Ibrahim Ibn Sinan Ibn Thabit Ibn Qurra
IBRāHīM IBN SINāN IBN THāBIT IBN QURRA
(b. Baghdad [?], 908; d. Baghdad, 946),
mathematics, astronomy. For the original article on Ibrāhīm see DSB, vol 7.
Ibrāhīm Ibn Sinān Ibn Thābit Ibn Qurra composed a survey of the whole field of geometrical analysis, contributed an original quadrature of the parabola, and gave the first general treatment of horizontal sundials. He was a member of a family that had produced distinguished scientists since the time of his grandfather, Thābit ibn Qurra, and Muhammad al-Nadim wrote that “During his time no one appeared who was more brilliant than he was” (alNadim 1970, vol. ii, 649). As he made clear in the preface to his work on the parabola, he saw it as his role to preserve and add to his family’s reputation, and in this he was eminently successful.
Early Life . As the son of the personal physician to the Caliph al-Muqtadir, Ibrāhīm would have been raised in a well-to-do household and would have had the best education possible. Clearly precocious, he wrote in his autobiography that he began his mathematical researches at the age of fifteen and wrote a number of treatises by the time he was eighteen.
Both Arabic biographical sources and Ibrāhīm’s autobiography indicate that at some point his family suffered persecution, probably when Ibrāhīm was in his mid-twenties, at the hand of the Caliph al-Qahir, and were forced to take refuge in Khorasan, a large region, not closely defined, east of Iraq. Ibrāhīm’s father, Sinān, converted from the Sabian sect to Islam under pressure from al-Qáhir, although it appears that his children may have remained Sabian. Ibrāhīm married and had a son named Ishaq.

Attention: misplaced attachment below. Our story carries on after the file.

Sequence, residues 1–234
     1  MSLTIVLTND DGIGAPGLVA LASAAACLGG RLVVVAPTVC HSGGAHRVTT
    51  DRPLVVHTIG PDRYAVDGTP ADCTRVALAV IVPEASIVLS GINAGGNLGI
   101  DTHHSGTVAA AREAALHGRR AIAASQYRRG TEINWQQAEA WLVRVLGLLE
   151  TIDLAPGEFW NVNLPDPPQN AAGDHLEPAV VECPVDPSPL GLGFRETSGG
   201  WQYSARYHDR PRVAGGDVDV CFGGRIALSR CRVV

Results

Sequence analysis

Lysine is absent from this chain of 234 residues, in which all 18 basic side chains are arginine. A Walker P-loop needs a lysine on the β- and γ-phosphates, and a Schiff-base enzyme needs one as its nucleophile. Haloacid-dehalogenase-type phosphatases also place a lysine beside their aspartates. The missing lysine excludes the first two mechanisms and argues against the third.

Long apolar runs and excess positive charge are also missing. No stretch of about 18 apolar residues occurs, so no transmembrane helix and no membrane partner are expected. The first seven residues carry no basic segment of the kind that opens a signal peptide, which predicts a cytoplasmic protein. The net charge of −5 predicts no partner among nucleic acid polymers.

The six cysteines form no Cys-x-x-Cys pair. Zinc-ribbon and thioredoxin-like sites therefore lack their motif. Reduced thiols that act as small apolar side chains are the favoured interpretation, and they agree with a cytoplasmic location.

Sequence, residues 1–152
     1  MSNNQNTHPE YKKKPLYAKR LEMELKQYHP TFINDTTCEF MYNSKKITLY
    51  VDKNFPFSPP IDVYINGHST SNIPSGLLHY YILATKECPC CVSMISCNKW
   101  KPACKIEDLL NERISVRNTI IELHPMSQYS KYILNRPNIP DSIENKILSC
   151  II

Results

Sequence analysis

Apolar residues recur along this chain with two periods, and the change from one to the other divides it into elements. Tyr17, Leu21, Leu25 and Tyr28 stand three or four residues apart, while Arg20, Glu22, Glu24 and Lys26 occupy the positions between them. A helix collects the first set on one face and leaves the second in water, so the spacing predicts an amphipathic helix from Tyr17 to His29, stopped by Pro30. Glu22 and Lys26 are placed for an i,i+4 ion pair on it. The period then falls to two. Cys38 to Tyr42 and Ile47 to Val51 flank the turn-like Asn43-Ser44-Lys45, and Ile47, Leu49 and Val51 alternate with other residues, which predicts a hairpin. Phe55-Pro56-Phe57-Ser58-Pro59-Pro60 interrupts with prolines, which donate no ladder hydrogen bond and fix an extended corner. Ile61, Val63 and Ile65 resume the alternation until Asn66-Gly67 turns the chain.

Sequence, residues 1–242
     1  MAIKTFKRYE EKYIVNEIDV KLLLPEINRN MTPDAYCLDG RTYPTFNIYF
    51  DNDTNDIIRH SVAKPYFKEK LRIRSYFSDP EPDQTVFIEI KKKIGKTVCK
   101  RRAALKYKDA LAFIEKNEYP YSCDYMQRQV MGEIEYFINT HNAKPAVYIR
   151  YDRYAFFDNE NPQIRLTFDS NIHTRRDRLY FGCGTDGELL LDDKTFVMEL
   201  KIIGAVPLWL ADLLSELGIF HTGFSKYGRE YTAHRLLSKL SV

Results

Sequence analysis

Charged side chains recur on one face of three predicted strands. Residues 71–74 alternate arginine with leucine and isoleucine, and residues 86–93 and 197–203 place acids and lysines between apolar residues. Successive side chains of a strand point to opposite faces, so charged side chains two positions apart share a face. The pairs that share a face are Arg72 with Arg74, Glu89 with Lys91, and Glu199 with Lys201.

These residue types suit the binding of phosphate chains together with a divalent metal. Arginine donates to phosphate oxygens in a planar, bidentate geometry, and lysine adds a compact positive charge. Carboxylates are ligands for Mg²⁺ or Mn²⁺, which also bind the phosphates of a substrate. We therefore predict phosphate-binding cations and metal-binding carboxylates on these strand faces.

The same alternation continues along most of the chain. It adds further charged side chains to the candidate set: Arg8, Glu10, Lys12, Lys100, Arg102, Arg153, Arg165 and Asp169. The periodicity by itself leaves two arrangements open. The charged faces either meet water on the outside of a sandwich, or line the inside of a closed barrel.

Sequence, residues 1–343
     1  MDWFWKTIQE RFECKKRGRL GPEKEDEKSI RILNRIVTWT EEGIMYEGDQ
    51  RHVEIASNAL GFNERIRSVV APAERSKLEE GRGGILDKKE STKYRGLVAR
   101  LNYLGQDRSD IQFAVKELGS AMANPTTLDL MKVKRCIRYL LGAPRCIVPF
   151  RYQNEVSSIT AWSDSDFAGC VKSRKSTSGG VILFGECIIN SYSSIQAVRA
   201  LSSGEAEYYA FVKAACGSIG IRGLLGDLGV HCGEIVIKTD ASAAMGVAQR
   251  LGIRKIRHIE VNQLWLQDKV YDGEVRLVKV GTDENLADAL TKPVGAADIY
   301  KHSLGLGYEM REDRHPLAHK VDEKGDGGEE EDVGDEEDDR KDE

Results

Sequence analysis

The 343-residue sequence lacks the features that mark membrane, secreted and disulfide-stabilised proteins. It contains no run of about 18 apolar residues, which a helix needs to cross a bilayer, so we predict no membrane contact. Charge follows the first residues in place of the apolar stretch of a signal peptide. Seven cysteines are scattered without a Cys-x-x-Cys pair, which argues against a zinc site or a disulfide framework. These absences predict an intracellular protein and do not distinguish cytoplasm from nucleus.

Dials . Ibrāhīm describes in his autobiography, composed sometime between the age of twenty-five and his death at the age of thirty-eight, the works he had written. Those he characterized as astronomical are On Shadow Instruments; On the Motions of the Sun; and On Ptolemy’s Approximate Methods for the Anomalies of Mars, Saturn, and Jupiter. In the group he calls mathematical are On Tangent Circles; On Analysis and Synthesis; Selected Problems[in Geometry]; Measurement of the Parabola; and Drawing the Three[Conic] Sections.
Of On Shadow Instruments, there survive only Book 1 and a fragment of the beginning of Book 2 of his revision of an original that had been written in his teens. (He wrote later that he detested the prolixity of his teenage work.) Of Shadow Instruments was the first treatise on a general method for the design of plane sun dials, whatever the orientation of the dial’s face. He based it on the idea that a plane dial with arbitrary orientation may be considered a horizontal dial for an appropriate place on the earth’s surface.